'Something exceptionally beautiful, of the highest quality, where accessibility is not a compromise’
Wraxall Yard, West Dorset
Clementine Blakemore Architects for Wraxall Yard
Contract cost Confidential
Wraxall Yard is a collection of five holiday cottages within a restored dairy in a picture-book hamlet in west Dorset. Run as a not-for-profit, the scheme promises fully equal access for disabled guests in a serene, restorative setting, and has been crafted with a level of care that touched and impressed the MacEwen Award judges.
‘Collectively we don’t go out of our way to support this marginalised community,' said MacEwen judge Anthony Staples. ‘But here is something exceptionally beautiful, of the highest quality, where accessibility is not a compromise. This is quite special.’
It’s the creation of organic farmer Nick Read and Clementine Blakemore Architects, which spent months on research before beginning design work, consulting wheelchair users and the Centre for Accessible Environments. The aim was to ensure that all guests can experience the place in the same way, with no special routes, ramps or handrails required, and no loss of quality in the fixtures and finishes where specialist equipment is required.
The complex comprises beautifully restored 19th-century stone barns around a rectangular courtyard, with later buildings to the south framing a more open farmyard. Entering the courtyard through a new sheltered breezeway, curving paths snake through a lush garden to patios at each cottage door, rising and falling gently over the sloping ground.
Inside the cottages, accommodations for disability are invisibly present throughout, blending seamlessly with the agricultural chic of the architecture and decor. In the kitchens there are stainless steel rise-and-fall kitchen worktops and pull-out shelves below ovens. Smooth concrete floors allow easy rolling for wheelchairs, while greeny-grey wainscotting protects plaster walls from knocks. Attention has gone to the smallest details. Table clearances were adjusted, and new frames made for the mechanism of electrically operated profiling beds. A mechanical hoist is concealed within one of the buildings’ retained timber trusses.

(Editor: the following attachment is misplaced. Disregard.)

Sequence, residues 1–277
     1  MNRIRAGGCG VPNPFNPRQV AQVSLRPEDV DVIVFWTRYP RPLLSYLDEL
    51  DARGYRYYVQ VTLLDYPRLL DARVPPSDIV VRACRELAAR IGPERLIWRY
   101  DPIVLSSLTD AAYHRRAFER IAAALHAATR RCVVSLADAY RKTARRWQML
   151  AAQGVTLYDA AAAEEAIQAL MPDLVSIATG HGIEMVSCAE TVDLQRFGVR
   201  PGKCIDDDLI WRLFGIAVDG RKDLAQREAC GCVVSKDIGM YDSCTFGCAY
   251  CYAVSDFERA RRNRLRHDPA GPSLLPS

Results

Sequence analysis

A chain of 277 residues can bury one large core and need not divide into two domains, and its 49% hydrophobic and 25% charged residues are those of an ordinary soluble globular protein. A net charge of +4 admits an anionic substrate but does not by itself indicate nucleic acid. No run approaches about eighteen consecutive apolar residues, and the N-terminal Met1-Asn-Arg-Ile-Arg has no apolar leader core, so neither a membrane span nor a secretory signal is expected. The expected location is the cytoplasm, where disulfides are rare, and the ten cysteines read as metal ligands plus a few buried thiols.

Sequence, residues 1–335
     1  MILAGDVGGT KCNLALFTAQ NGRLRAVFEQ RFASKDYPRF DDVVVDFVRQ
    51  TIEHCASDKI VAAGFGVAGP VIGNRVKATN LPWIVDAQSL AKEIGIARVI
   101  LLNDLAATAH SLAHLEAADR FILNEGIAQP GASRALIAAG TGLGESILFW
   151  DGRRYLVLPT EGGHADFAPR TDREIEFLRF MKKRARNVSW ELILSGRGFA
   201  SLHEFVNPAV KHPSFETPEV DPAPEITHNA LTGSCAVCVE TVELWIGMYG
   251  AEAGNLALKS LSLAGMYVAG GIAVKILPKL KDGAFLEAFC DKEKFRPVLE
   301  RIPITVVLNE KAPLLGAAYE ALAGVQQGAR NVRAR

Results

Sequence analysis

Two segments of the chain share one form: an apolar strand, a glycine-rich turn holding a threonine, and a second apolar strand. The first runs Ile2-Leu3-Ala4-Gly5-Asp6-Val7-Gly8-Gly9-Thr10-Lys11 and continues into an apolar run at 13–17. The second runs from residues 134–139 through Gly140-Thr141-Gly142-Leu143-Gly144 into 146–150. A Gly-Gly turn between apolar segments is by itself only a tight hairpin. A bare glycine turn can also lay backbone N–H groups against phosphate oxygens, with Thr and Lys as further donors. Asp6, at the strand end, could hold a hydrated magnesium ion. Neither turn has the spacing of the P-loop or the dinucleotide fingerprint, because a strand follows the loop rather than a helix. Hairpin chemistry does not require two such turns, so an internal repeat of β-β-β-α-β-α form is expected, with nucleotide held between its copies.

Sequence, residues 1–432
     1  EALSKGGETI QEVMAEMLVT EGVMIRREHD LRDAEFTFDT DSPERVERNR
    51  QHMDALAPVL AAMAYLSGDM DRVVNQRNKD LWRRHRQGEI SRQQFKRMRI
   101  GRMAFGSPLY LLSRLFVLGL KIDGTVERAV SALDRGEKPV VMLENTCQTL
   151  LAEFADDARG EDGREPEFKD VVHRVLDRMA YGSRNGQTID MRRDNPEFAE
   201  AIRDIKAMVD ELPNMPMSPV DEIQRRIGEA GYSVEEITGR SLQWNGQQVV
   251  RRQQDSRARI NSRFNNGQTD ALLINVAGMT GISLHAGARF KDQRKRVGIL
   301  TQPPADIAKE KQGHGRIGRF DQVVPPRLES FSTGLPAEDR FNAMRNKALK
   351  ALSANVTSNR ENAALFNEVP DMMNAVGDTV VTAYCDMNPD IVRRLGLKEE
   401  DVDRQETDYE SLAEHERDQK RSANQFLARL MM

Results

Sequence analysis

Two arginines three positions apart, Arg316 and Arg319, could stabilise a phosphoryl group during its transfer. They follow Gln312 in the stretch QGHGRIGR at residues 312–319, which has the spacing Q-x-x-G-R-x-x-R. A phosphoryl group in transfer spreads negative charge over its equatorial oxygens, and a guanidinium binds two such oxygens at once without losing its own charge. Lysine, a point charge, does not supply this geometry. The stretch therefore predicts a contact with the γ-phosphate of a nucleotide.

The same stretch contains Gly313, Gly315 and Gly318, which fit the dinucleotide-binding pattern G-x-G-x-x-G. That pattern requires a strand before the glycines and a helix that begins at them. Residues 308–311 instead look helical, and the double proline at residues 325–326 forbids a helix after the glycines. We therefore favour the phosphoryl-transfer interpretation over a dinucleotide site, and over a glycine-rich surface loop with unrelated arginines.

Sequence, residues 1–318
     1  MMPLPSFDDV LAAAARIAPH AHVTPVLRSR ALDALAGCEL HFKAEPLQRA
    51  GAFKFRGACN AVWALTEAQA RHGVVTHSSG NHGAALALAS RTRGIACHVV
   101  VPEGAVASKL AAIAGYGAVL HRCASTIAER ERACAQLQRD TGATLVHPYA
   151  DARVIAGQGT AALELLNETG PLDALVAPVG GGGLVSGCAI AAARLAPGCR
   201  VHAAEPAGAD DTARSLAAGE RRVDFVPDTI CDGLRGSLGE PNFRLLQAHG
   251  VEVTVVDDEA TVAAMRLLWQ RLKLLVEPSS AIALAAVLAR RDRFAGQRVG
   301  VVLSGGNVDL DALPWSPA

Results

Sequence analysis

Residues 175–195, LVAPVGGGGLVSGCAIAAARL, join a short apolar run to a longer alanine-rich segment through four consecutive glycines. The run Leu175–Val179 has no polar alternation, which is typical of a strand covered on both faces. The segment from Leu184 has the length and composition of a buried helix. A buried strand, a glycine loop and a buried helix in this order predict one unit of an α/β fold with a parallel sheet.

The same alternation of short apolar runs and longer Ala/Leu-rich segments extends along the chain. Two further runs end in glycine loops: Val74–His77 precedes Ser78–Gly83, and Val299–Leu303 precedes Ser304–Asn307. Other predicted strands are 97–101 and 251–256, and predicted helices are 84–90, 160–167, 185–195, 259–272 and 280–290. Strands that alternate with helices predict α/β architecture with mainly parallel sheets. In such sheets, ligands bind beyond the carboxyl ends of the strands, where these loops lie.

A key principle of the project is that everyone has a right to enjoy the countryside, and a timber boardwalk leads from the cottages down to the banks of a nearby chalk stream. Visitors can interact with animals in a restored Dutch barn in the farmyard opposite a ‘community space’ equipped for use both by guests and local groups.
‘This project is serving a community that is UK-wide,’ observed judge Joan Kerr. ‘The statistic that more than 60 per cent of guest groups have included a disabled person shows how needed it is, and that the design is working.’
For more on MacEwen shortlisted projects and architecture for the common good see ribaj.com/MacEwen-Award
Architect Clementine Blakemore Architects
Client Nick Read, Wraxall Yard
Structural engineer Structure Workshop
Services engineer Ritchie+Daffin
Landscape designer Hortus Collective
Below ground drainage designer Genever & Partners
Quantity surveyor Align Property Consultants
Accessibility consultant Centre for Accessible Environments
Identity and wayfinding Smiths Studio
Main contractor Stonewood Builders